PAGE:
Are libraries obsolete?

Out here in Colorado the only way certain rural areas finally got public libraries was in conjunction with school libraries. These cooperative agreements between Public Libraries, Counties and School districts were made decades ago during “good times” - including healthy tax revenues from growing oil extraction.

However now that times are getting tougher, resource depletion, dropping oil tax revenues - those previous agreements are now being strained. When the money isn’t there certain things, such as these rural libraries wind up on the chopping block.

That leaves the rural communities with a choice. Lose their local rural libraries or take ownership of them. Meaning, assuming organizational and financial responsibility. Including raising special district taxes.


Which brings me to the question. Are libraries obsolete? Or are they a necessary component of a healthy community?

I was curious if anyone here had any particular feelings towards local libraries in these modern times? Please share.

Are libraries worth saving and nurturing?

is north of the north pole north?

I like public libraries. I don’t patronize them much, but did for a couple of months earlier this year. It’s nice to know one is near.

Player what is colder than absolute zero? Nothing is north of the north pole.

Nothing is north of the north pole.
The Northpole is only north relative to the earth. The earth itself has no definable compass position in the solar system, except relative to it's own axis.

thats right. Add that silly question to CCs

Well, extending the North Pole axis into the cosmos, I suppose that Polaris is north of the North Pole. Polaris is actually 3 stars, Polaris A, Polaris B, and Polaris Ab.

Libraries rock!

I was a member of the Friends of the local library group for a few years, until work make me miss all the meetings and events one year, so I said I’d resign and come back when (if) I have more time.

I’ve taken correspondence courses and taken exams there, I’ve gone to local community group meetings there, there are a number of after-school activities there, and there are lots of clubs and groups and activities I don’t even know about that use the library.

They’re so much more than a collection of books (although that in itself makes them awesome.)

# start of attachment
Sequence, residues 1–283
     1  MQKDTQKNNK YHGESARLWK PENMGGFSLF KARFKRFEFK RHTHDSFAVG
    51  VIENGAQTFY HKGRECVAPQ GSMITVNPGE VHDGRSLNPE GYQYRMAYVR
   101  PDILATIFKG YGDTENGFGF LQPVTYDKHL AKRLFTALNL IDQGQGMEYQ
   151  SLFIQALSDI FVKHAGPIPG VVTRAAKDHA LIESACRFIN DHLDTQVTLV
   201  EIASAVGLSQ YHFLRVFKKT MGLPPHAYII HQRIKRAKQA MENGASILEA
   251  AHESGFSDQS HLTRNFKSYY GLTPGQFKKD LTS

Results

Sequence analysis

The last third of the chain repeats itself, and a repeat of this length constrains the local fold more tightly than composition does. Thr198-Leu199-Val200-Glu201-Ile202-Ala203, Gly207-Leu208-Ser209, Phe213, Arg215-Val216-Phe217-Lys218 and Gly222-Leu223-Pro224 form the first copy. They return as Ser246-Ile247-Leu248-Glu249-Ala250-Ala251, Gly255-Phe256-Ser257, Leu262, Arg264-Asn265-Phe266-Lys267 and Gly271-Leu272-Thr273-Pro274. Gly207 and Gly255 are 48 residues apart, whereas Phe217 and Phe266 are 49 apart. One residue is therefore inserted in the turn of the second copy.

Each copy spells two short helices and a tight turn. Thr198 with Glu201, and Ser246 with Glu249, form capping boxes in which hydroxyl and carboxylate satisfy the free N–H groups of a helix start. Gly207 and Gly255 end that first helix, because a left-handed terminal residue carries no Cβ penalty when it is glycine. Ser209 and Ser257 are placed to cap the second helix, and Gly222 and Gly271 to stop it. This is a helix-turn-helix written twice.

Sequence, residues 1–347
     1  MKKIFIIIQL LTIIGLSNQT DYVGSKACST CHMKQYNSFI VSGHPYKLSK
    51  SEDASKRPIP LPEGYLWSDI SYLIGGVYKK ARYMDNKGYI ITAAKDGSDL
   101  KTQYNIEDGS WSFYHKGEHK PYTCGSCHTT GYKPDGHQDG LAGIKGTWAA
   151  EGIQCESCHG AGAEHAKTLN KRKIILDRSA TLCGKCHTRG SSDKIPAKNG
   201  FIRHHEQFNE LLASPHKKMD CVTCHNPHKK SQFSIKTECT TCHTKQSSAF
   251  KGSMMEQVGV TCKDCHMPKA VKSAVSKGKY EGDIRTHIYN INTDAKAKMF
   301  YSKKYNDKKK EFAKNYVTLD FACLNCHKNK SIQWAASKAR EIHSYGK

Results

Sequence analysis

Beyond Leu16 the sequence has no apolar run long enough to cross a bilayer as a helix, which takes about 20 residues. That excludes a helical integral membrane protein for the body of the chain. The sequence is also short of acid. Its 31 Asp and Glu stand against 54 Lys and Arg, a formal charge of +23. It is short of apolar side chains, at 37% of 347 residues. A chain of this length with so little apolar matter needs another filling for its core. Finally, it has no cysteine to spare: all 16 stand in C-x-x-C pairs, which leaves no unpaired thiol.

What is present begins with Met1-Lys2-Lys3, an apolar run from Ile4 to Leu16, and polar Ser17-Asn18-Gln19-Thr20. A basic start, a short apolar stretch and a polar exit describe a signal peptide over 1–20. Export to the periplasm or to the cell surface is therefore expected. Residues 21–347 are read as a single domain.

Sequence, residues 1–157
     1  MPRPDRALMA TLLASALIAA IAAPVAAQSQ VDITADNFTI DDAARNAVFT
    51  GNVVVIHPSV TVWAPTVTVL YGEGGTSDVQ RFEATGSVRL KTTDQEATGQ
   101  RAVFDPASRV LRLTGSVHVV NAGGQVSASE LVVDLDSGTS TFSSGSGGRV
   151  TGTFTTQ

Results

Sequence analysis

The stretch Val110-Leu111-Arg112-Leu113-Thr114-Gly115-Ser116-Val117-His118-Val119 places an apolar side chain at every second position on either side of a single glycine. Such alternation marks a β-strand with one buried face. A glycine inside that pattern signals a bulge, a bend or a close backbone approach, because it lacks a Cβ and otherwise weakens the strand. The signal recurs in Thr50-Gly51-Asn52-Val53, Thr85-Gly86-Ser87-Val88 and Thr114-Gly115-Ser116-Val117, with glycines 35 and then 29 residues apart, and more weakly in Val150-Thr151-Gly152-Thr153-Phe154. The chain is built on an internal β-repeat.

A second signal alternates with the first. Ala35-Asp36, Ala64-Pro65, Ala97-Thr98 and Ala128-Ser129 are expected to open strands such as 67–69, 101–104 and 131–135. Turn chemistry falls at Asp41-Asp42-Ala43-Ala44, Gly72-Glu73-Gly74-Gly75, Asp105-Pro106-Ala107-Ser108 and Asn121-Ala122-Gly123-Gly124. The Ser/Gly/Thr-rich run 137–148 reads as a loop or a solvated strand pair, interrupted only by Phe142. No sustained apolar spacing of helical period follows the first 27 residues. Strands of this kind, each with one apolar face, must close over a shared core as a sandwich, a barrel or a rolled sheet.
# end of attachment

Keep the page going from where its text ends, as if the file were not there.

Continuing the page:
Most people aren’t aware of the things libraries add to a community. But that’s because most people aren’t involved in their community.

Since we’re the ones talking about north, we get to decide what direction it is. Since we call the direction of the earth’s axis that goes through the north pole “north”, I’m fine with calling everything past that point, north.

If scientists have better, less ambiguous ways if indicating directions, then they will ignore north and south. I don’t know how they do it though.

What’s silly about the question Player?

π: Most people aren’t aware of the things libraries add to a community. But that’s because most people aren’t involved in their community.
True dat.

I’m asking just because I’m wanting to pick some brains and hear some personal reasons people appreciate their local libraries.


I’m even be willing to hear out the Neanderthals who think libraries are nothing but a tax burden - and who hate government for the sake of hating government and expectations of a free ride.


Libraries are something we’ve learned to take for granted so a little discussion to remind us why we might need and love them ain’t such a bad thing. Is it Player? At least that’s what I’m after, a few different voices and what they have to share. Trying to broaden my own horizons. :slight_smile:

Oh and maybe I got alternative reasons, maybe not.

Incidentally Player, does it make you feel empowered to belittle people? Just another one of the many things I’m curious about.

I don’t use them much, but I see them changing to remain relevant. I’ve seen how you can check a bag of books and other materials to use for a book club, lots of events for kids and reading areas for them, meeting rooms and facilities. One thing I haven’t tried lately is using a librarian to help with research, might be a good experiment to try.

In our small town they are mostly used by kids playing video games (bad) and people who can’t afford a computer and/or internet (good).

I know that years ago we were without a computer and I had lost my job, so the library was critical in helping me make my resume and go online to find work.

Libraries can be a great leveler of society, where the poor can access basic, yet critical, tools that the rest of us take for granted.